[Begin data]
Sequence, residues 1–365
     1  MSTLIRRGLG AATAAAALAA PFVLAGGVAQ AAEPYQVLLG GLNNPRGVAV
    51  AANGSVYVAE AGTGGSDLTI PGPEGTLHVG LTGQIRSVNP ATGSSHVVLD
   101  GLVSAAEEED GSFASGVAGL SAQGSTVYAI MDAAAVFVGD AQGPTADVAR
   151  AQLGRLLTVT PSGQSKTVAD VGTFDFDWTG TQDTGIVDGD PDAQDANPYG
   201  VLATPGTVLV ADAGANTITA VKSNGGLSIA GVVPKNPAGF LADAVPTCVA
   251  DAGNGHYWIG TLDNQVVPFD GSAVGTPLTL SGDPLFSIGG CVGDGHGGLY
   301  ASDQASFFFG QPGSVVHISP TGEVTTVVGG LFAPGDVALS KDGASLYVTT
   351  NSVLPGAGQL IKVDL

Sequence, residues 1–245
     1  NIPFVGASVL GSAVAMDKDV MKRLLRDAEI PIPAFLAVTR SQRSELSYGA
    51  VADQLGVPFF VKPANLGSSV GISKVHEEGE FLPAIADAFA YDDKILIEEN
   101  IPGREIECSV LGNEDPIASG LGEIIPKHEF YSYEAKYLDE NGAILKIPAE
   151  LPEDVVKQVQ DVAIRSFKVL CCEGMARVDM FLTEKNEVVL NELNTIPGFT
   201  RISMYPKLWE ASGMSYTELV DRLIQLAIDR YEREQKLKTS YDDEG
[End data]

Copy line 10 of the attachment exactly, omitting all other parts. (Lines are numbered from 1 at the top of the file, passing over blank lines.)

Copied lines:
Sequence, residues 1–245